Software is software. It evolves regardless of the pricing model. I'm not arguing about the need for updates. We need them. Sometimes more, sometimes less. Having more computers justifies the subscription model too. I agree.

Currently I'm satisfied with Photoshop CS6 and I don't think to switch to another version or another type of software. It does the job for me. If I had your needs, I'd probably use the CC.

Illustrator is abandonware. Years-old, glaring bugs still plague Photoshop. And now Affinity is SELLING (not renting) high-quality alternatives to Adobe's moribund offerings... at much lower prices.

Go ahead Adobe... your rental scam may work for a little while longer, but once we've migrated away to better value, we're not coming back.

Tihomir Lazarov's picture

A friend started using Affinity's software (Photo, Designer...) and is very happy about it. It's maybe a good alternative to have in any case. I'm not sure about the compatibility of layered TIFFs and PSDs.

Osman Merdan's picture

I think adobe needs to let people chose between 2 worlds. As an examaple , I am a student in med school ,and I dont have the money to buy any of adobe product so subscription based model works for me. I can use ps+lightroom for a price of 3cup of coffee for a month.

Tihomir Lazarov's picture

Yes, you are right about this.

Lightrom 6 is still not available via Adobe's UK site.
Are we to assume, therefore, that the perpetual version is no more?
Adobe aren't exactly forthcoming.

Tihomir Lazarov's picture

I'm still waiting for an answer from their staff member, Rikk, who took part of the conversation too. It's not clear if the missing Lightroom 6 option is a mistake or a deliberate move.

I was upset since I had bought the cs6 master suite 3 months before creative cloud came out. But the upgrades they have made to PS, AE, PP and Lightroom are so amazing that I would have upgraded all these years so the price, for us as a business, is just the price of doing business. I do events and my wife does portraits and headshots. The edits I can do in Lightroom and PS saves me hours of work. A few hours of one job pays for the whole year so it doesn't bother me at all. If they stop making significant upgrades then I'll re-evaluate our decision.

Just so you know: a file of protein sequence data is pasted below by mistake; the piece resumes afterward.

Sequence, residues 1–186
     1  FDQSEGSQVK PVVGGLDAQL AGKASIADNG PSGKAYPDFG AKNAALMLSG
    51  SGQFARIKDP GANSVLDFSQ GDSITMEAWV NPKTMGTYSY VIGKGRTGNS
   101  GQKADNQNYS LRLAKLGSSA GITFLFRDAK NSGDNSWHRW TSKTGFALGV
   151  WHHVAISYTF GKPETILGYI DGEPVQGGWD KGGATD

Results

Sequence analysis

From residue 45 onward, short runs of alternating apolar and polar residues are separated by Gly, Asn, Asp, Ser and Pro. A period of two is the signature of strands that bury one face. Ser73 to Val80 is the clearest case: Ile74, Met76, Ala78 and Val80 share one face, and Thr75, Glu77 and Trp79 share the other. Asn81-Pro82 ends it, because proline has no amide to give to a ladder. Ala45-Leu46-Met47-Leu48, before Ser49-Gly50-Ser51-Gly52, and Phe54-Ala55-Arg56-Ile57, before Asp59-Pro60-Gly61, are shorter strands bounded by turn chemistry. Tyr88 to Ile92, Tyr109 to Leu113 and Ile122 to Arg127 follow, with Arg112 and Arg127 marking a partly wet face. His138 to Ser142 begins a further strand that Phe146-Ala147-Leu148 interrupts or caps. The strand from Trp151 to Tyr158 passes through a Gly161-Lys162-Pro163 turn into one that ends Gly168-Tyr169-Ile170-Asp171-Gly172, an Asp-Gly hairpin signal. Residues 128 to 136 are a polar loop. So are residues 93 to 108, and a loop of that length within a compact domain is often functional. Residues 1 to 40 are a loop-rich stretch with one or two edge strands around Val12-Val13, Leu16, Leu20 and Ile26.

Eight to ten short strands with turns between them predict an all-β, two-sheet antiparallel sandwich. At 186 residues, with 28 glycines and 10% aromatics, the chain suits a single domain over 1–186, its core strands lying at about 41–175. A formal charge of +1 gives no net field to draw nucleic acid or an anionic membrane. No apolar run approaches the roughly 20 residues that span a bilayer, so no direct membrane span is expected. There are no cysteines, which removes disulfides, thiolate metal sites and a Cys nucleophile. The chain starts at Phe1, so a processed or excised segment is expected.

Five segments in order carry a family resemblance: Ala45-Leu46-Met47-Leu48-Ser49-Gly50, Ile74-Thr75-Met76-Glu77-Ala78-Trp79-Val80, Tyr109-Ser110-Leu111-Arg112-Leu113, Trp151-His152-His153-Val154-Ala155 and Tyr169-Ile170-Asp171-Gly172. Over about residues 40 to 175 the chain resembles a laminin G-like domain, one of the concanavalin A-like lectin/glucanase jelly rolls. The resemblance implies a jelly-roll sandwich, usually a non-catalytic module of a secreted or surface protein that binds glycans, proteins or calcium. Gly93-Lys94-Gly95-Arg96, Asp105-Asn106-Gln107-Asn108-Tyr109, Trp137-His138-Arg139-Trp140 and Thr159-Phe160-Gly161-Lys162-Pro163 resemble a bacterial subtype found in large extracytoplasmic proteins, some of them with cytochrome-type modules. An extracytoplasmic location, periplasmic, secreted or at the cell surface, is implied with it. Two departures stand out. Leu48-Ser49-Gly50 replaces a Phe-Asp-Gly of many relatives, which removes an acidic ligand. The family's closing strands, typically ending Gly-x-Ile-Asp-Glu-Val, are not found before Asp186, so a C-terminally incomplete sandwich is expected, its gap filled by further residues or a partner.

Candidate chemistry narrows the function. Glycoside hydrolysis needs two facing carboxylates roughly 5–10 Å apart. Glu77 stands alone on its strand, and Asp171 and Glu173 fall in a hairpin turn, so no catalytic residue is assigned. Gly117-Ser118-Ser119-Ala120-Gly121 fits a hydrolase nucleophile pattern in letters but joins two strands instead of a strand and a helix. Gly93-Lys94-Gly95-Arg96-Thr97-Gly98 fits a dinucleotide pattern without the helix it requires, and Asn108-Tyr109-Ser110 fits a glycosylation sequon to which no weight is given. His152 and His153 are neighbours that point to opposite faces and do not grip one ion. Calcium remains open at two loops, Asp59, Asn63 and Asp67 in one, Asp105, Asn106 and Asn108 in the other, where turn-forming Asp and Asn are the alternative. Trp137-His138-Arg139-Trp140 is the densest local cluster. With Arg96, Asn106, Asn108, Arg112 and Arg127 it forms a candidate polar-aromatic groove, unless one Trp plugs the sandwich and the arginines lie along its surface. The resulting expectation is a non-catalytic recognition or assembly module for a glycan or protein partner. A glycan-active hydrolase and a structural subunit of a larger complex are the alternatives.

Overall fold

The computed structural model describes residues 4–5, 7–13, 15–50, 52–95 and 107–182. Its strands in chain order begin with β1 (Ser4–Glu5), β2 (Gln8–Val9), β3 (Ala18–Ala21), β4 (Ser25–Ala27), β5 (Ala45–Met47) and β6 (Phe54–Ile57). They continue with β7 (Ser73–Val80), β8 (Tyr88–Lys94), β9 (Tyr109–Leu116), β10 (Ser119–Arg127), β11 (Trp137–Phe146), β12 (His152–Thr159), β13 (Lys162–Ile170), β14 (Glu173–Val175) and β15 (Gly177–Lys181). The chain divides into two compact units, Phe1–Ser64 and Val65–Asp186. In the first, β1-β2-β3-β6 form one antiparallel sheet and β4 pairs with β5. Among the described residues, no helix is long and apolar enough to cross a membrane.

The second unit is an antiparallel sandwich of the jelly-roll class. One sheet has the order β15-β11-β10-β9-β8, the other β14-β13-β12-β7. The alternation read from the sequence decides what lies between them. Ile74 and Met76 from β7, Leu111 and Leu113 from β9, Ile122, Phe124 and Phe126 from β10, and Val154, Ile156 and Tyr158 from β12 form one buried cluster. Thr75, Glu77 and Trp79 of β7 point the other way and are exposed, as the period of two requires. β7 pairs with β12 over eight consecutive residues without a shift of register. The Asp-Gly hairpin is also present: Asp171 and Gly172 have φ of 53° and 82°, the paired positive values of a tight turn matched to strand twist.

Tihomir Lazarov's picture

Yes, for people who use it for business price is an issue if there are more computers they have to buy licenses for. Otherwise for smaller businesses it's not the price but the model as well as the need for the newer features.

william mitchell's picture

Maybe Affinity will put the DAM program out this year instead of 2018. Having a desktop page layout program would be nice, but there is a real need for a lightroom replacement. Adobe has gotten greedy and the QC is not what is was with CS programs.

Tihomir Lazarov's picture

Capture One is one of the options. There are other players in the field too.

Making a software such as Lightroom is not hard as UI. The hard thing is keeping up with the latest camera raw file interpretation.

The link isn't easy to find on the US website, but it is there. Go to http://www.adobe.com/products/catalog/software._sl_id-contentfilter_sl_c... and click on the Buy button to the right of Lightroom where it displays the price of $149. I've included a screenshot so you can see where to go.

Tihomir Lazarov's picture

Great catch! The readers will be thankful.

Fantastic!! When CC came out the first thing I did was switch from Lightroom to Capture one! I have not looked back since! Now that Affinity Photo has a PC version I dumped Photoshop as well, it's not as good as Photoshop yet, but it does what I need, and it will get there! Sorry but I just can not see my self ever renting software